Nearly every IT environment uses security systems to help detect and stop malware. These might include firewalls that can be configured with various rules, UTM systems offering content filtering, gateway antivirus software, deep packet inspection (DPI) and intrusion prevention systems (IPS).
Unfortunately, in most enterprises, testing security measures is at best neglected and at worst completely overlooked. According to a recent PandaLabs report, more than 74,000 new malwarestrains are created every day. Given this large volume of new threats, companies can put themselves at risk with just one misconfiguration on a firewall port.
Despite all of the tools at the IT department's disposal to find and prevent malware, threats still find a way to infect various systems. Stopping malware requires consistent testing of these systems to make sure they can handle the latest threats under the most intense real-world scenarios.
BYOD policies introduce a whole new level of complexity for preventing malware. IT groups need to consider that user devices might not have the required security software or have out-of-date patches. Companies that allow personal devices for work purposes need to find the right balance between implementing safeguards on devices and also understanding they don't have complete control.
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A recent study from Enterprise Strategy Group (ESG) on advanced malware protection and detection polled 315 North American-based IT security professionals working at enterprise-level firms who have seen a rise in more sophisticated malware during the past two years. Malware criminals continue to invent new ways to both hide threats and amplify the malware's ability to avoid detection and elimination. Many criminals are turning to mobile-based malware to steal money from users. For example, they might misuse SMS shortcodes purchases (typically used for donations) to encourage fraud or use malware to gather personal and business-related information about the user.
Finding The Balance
Companies that implement aggressive malware policies need to strike a balance between network security and organizational performance. Controls cannot be so restrictive that they get in the way of systems being efficient and workers doing their jobs. Testing with the right tools can help companies identify and strengthen weak points which, in turn, should help them avoid implementing overly restrictive policies for staff.
What's the right methodology for testing? A proven testing method is PASS, which stands for four interdependent variables: performance, availability, security and scalability. This method is based on the fundamental IT principle that there needs to be reasonable trade-offs between these variables. Malware prevention also follows this dynamic, where IT protection requirements cannot be so strict as to prevent access to the very systems that keep the business running.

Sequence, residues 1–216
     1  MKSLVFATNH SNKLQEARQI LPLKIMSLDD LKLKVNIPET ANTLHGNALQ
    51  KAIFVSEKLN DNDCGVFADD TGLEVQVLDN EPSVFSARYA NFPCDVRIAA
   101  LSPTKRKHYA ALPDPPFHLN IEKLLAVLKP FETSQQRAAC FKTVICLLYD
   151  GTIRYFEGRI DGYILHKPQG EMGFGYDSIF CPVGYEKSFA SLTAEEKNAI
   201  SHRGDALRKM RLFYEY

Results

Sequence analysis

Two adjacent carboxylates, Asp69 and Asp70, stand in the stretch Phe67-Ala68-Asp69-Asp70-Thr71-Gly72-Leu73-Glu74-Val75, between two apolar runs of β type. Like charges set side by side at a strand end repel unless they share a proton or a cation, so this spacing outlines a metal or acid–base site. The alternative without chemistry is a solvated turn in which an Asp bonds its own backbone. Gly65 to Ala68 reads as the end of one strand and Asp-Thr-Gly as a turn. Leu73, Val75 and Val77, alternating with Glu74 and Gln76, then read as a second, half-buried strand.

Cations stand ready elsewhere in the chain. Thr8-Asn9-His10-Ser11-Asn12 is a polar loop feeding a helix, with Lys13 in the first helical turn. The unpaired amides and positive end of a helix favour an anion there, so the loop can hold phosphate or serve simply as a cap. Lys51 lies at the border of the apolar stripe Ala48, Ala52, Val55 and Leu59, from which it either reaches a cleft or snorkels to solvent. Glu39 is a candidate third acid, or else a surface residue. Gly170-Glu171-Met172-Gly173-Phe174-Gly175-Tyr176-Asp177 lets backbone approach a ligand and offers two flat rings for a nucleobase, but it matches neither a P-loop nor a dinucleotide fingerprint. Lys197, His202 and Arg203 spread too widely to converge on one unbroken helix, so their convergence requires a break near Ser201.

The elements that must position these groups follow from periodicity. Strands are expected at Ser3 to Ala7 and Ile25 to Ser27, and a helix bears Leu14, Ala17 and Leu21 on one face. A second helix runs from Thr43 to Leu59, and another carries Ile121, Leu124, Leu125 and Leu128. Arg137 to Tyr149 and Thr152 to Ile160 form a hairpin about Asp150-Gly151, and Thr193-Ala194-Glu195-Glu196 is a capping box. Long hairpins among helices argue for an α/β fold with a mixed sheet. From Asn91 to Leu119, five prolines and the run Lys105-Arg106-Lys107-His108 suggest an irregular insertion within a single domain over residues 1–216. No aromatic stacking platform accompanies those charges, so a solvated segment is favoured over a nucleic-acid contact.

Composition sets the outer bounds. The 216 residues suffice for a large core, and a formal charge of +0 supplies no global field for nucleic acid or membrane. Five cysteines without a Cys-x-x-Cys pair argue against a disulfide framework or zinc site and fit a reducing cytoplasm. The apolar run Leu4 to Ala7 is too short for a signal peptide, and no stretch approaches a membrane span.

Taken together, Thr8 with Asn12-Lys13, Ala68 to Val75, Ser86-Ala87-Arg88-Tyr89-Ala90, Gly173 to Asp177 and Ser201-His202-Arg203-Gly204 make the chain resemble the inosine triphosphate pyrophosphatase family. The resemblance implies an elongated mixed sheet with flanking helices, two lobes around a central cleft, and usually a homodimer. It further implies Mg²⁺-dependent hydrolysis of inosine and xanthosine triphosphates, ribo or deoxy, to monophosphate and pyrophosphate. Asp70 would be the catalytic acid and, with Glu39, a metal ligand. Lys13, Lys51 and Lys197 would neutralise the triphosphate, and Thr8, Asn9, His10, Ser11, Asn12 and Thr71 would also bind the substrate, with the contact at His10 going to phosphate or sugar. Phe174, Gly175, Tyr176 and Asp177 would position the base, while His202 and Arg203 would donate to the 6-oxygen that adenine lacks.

Good PASS testing covers the following: Performance testing can help you understand the metrics, such as response time of the infrastructure while under attack. Availability tests can focus on checking if your systems properly fail close or fail open during key events. Security tests can include checks around currency of your malware database and potentially uncover holes because of slow updates. Finally, scalability tests can ascertain how many users the system can handle before, during and after an attack.
Best Practices To Perform Testing
Companies should review how critical security devices such as gateways, firewalls, and IDS respond to realistic and scaled attacks and traffic. Testing should ideally be conducted while authentic traffic is going through the network to see how different components respond under stress.
Systems such as DPI look much more closely into any traffic passing through the network to enforce policies driven by security concerns. For instance, an IT organization might want to understand if customers or employees are using Skype for instant messaging, voice calls or file transfers. DPI systems will not be fully tested unless they are put under real malware payloads. It's essential for the testing tool to emulate traffic from malware-infected systems in addition to perimeter defense and to be able to do this at scale. For example, malware testing should be done with both secure and insecure traffic, and testing services must also have an updated library of the latest malware signatures.
A PASS methodology can answer multiple questions regarding malware readiness including: What is the impact on user QoS (quality of service) in terms of latency? When devices enter fail open or close states do related services also go down? How many pieces of malware can current systems detect? How many users can be supported while under attack?
The best security system testing requires that you send through a wide range of malware-based attacks during periods of realistic simulated network traffic. Companies that proactively choose the right test equipment and do aggressive testing will be able to stop and manage the effects of complex malware attacks.